New Member
May 11, 2020
I've searched this forum and found a lot of incredibly helpful peers and intuitive lines of questioning so I figured I'd shoot my own, Thank you for your time and consideration.

I am currently 26 and enrolled at a local college, in order to transfer to one of my state colleges for Electrical Engineering. I am incredibly interested in telecommunications and signal analysis, however; very inexperienced. My goals outside the military would be to work for SpaceX, or for one of our military research labs. I am also currently working on my HAM Technicians license as well as reviewing the history of EM propagation as well as the magnetodielectric. I have had a lot of pressure and support in the past in considering the armed forces, but lacked the ambition and discipline at the time. I have since gained an eclectic plethora of STEM, leadership and management experience and knowledge.

It is my understanding from my studies that POST WW1 due to req's of the Navy for comm's and the difficulties in standardizing radio at the time, RCA and AT&T were regifted their monopolies over telecomm's. On the one hand it seems that after that partnership formed, the Navy quite literally wrote the book for electrical engineering and electronics practices. On the other, I don't see a clear path to Space Operations through them, whereas everything I've read so far about Space Force is that they will be absorbing current AF personnel. I am very torn about which branch to pursue. Everyone I know in the military has gone cavalry or infantry whether it be the Marines or the Army I generally lack peers that see any value in studying whatsoever, so I have a very difficult time communicating my goals with them.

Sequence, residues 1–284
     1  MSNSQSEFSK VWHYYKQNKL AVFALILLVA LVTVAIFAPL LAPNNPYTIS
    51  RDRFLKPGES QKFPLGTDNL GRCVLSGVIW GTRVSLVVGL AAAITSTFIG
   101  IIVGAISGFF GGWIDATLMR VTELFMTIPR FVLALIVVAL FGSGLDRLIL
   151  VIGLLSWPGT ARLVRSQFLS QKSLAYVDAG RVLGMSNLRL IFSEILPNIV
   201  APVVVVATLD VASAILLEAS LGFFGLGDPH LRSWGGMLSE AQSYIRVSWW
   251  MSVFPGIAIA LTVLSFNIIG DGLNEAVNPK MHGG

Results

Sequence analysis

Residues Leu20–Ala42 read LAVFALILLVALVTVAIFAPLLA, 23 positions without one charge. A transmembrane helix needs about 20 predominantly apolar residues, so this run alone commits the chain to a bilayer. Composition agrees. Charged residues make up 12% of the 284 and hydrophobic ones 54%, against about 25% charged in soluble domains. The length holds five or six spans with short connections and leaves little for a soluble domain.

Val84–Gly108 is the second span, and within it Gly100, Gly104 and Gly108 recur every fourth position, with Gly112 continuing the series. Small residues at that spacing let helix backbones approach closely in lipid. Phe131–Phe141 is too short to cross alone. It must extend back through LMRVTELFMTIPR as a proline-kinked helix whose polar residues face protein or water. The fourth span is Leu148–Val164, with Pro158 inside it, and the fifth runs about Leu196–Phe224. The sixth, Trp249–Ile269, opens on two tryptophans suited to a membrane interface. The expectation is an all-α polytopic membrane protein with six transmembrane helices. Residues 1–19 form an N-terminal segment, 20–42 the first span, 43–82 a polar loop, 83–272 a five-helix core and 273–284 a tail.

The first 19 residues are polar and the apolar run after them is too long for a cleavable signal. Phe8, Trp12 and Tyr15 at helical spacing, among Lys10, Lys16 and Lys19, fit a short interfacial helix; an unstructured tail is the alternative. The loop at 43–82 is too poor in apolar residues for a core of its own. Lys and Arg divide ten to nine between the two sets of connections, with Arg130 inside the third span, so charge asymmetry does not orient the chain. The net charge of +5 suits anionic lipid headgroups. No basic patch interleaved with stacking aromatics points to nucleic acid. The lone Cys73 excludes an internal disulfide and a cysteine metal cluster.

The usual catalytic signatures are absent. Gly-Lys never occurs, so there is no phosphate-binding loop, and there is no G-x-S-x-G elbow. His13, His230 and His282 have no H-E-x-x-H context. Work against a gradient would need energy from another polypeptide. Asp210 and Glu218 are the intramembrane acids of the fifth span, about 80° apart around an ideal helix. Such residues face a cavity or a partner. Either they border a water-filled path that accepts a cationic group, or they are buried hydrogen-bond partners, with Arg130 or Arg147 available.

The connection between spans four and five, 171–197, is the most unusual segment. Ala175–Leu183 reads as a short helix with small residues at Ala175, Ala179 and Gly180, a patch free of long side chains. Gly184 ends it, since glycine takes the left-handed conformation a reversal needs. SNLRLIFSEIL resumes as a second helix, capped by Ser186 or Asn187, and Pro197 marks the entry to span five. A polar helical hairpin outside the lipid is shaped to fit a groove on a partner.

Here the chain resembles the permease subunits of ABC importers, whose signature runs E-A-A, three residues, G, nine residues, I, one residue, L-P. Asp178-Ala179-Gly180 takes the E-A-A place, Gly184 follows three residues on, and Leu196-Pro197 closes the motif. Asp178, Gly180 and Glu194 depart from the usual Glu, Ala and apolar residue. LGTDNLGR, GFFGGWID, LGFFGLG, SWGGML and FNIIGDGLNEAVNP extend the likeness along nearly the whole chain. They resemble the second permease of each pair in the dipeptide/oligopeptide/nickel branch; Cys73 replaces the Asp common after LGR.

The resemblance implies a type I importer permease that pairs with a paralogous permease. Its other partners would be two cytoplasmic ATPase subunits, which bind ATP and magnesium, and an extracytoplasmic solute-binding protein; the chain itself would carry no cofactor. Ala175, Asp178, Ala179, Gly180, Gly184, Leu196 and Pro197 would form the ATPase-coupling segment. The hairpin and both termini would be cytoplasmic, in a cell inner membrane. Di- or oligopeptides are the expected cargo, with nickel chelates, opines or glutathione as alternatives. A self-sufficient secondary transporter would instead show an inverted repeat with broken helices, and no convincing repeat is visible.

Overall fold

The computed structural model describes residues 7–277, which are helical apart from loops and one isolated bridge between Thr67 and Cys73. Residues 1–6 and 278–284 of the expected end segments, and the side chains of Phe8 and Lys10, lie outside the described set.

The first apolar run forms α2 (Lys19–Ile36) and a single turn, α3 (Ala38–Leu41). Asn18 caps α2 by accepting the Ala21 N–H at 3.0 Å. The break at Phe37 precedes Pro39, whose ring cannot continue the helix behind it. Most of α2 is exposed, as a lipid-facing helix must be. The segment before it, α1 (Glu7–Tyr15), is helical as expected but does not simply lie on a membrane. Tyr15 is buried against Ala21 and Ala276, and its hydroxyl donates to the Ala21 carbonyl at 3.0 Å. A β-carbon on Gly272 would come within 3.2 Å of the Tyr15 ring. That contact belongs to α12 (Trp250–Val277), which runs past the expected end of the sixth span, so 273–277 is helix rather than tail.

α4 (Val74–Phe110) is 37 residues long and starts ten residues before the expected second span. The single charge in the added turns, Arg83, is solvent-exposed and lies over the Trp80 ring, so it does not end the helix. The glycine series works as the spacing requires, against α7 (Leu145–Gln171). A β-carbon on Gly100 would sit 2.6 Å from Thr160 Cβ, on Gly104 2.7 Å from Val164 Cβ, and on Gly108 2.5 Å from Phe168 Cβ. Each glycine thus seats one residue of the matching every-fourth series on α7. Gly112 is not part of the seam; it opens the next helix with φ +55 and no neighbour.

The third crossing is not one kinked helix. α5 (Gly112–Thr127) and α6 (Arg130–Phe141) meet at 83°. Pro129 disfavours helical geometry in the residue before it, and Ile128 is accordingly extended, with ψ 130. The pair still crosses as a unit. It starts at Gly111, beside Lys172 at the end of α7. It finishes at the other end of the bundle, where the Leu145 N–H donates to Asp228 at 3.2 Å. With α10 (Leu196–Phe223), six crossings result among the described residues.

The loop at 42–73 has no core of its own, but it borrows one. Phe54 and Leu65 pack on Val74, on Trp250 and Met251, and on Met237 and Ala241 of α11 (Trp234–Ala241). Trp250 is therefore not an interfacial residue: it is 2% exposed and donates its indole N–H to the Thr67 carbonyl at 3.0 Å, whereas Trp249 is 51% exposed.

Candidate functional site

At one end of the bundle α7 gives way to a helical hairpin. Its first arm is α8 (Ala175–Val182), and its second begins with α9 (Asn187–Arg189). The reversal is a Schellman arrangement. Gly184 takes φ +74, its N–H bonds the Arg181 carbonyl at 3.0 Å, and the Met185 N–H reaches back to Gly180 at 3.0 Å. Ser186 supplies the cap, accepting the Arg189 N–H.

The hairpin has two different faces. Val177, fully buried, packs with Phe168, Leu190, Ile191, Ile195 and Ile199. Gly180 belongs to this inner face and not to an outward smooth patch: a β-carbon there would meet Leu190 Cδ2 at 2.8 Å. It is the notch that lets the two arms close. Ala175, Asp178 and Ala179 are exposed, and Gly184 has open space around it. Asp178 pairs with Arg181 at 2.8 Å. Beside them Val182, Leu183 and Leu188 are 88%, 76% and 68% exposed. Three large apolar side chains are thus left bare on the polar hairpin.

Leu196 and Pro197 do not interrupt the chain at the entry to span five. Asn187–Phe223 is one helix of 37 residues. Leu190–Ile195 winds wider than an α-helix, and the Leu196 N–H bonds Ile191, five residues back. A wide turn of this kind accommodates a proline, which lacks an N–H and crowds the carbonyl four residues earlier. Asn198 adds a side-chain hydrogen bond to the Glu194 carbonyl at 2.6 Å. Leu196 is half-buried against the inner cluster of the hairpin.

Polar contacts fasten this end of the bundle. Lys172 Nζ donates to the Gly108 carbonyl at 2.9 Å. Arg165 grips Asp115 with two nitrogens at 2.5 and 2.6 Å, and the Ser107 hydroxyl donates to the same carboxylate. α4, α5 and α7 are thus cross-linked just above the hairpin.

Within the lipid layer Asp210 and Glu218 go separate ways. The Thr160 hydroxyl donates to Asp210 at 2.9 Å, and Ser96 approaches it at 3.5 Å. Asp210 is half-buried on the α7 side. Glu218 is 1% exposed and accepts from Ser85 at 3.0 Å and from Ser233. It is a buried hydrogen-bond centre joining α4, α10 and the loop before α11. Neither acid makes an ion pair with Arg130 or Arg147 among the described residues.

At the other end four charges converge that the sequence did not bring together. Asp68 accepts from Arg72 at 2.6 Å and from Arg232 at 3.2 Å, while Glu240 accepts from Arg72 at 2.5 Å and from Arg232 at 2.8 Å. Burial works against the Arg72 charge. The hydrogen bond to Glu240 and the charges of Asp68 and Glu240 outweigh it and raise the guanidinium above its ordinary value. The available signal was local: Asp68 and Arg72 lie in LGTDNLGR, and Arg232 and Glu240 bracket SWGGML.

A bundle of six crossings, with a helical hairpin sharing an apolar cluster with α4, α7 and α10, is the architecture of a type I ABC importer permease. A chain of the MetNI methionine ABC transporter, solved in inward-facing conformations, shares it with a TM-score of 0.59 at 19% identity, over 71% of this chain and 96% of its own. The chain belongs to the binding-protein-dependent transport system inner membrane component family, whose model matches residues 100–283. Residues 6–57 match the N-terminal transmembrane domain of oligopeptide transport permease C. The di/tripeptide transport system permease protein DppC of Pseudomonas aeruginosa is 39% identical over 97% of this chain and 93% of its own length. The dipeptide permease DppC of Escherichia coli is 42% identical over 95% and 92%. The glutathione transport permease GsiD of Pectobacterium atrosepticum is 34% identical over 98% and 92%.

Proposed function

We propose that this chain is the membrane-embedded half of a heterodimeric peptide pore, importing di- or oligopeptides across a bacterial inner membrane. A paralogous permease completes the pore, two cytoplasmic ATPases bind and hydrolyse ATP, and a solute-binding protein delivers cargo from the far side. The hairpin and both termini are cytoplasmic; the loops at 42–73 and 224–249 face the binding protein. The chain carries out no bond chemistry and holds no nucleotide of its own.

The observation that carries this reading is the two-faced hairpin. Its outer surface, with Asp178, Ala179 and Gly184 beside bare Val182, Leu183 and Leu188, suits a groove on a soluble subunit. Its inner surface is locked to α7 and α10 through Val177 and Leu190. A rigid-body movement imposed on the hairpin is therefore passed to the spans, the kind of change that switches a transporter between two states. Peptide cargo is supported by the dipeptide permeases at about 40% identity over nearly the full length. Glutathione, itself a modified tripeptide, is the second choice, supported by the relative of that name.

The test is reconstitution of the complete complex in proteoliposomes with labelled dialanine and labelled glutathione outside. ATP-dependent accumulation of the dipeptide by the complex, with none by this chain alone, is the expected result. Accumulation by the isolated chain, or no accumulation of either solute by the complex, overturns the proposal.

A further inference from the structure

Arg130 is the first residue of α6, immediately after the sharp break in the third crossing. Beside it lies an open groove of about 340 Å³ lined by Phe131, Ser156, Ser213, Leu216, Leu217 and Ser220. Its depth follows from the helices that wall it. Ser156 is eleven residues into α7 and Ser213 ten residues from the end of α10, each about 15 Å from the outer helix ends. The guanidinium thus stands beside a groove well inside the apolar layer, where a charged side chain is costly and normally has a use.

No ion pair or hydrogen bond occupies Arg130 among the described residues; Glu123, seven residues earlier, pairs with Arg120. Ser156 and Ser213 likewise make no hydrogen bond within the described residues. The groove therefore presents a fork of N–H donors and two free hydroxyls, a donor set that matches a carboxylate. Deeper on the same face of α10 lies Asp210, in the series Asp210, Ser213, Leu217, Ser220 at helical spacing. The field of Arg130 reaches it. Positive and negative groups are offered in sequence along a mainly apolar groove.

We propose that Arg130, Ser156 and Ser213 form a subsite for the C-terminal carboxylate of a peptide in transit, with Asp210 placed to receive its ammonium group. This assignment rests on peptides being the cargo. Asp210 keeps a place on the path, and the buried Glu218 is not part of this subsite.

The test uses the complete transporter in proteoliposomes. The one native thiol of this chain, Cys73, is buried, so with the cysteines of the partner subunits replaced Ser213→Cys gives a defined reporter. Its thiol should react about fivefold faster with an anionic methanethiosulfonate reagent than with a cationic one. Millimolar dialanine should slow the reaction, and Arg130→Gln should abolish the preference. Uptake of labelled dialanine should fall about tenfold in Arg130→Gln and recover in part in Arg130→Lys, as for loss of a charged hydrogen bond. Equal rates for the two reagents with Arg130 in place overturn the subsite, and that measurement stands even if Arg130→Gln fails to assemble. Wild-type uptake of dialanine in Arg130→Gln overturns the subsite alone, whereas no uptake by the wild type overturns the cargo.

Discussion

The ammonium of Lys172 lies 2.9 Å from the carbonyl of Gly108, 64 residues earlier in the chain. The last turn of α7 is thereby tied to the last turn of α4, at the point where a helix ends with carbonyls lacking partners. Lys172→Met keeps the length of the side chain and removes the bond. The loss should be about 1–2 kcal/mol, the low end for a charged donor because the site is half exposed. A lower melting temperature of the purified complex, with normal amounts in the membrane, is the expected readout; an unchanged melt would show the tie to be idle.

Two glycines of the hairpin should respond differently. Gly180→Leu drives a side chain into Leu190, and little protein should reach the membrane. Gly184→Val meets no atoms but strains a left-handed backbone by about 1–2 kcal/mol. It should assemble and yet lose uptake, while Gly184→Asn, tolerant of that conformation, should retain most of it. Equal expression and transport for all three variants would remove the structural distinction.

- On a side note, my father has a pilots license, and my great uncle was a colonel and flew the for the thunderbirds and I also would not say no to opportunities to fly.

My dream is to experiment, however; problem solving and critical thinking are passions of mine.
I have not yet contacted an AF recruiter (haven't heard back from the Navy through FB), so other than a few hours per day over a few weeks, I do not have a lot of direct information in regards to career paths, opportunities within and flexibility. I also have this issue of oppositional defiance (which I'm certain will be straightened out with the discipline) that has steered me from showing up at an office before I know the path I wish to take, as pressuring me without all of the information will likely steer me away. I have taken a "practice asvab" and scored 93% (percentage of correct answers not weighted percentile/average), not that it was official or means anything.

1. What are the benefits of NROTC VS AFROTC in pursuing a career in Electrical Engineering as pertaining to future Space Operations
2. Which MOS/positions do you believe from experience or hearsay are in high demand pertaining to EE
3. What obstacles would I face in applying for ROTC today in hopes of an immediate or eventual transfer to the Space Force
4. What if any books would help me excel in my studies (I am aware the Navy has quite literally encyclopedia size manuals)
5. Does my age disqualify or put me at a disadvantage for promotion opportunities within
6. Is anyone in the greater Seattle area that would like to help me further explore and pursue these opportunities

7. After speaking with a cousin enlisted with a 93 ASVAB in the Navy, he was DQ'd from certain career paths because of a current ADD diagnosis with ongoing treatment. With an adolescent diagnosis of ADHD, but no treatment/medication history for 5+ years; (possibly longer I'd have to check my medical records) would I be DQ'd from certain schools/training programs? To best explain my experience, normal people have one train of thought often derailed by a second. I have 10 trains of thought running full blown at all times and am very adept at controlling and guiding them within any environment without treatment.